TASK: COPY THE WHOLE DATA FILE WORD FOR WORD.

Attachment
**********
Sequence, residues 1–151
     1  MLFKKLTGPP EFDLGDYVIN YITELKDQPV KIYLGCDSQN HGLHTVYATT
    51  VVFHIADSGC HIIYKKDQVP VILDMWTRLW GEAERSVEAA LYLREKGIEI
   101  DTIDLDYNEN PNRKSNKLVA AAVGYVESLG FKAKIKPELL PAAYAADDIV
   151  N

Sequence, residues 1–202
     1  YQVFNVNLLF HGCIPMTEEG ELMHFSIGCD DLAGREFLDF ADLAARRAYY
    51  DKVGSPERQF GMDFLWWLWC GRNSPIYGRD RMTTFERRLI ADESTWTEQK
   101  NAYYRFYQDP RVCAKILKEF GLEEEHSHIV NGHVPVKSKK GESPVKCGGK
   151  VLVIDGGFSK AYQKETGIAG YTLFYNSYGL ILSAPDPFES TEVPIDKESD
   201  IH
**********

Sequence, residues 1–151
     1  MLFKKLTGPP EFDLGDYVIN YITELKDQPV KIYLGCDSQN HGLHTVYATT
    51  VVFHIADSGC HIIYKKDQVP VILDMWTRLW GEAERSVEAA LYLREKGIEI
   101  DTIDLDYNEN PNRKSNKLVA AAVGYVESLG FKAKIKPELL PAAYAADDIV
   151  N

Sequence, residues 1–202
     1  YQVFNVNLLF HGCIPMTEEG ELMHFSIGCD DLAGREFLDF ADLAARRAYY
    51  DKVGSPERQF GMDFLWWLWC GRNSPIYGRD RMTTFERRLI ADESTWTEQK
   101  NAYYRFYQDP RVCAKILKEF GLEEEHSHIV NGHVPVKSKK GESPVKCGGK
   151  VLVIDGGFSK AYQKETGIAG YTLFYNSYGL ILSAPDPFES TEVPIDKESD
   201  IH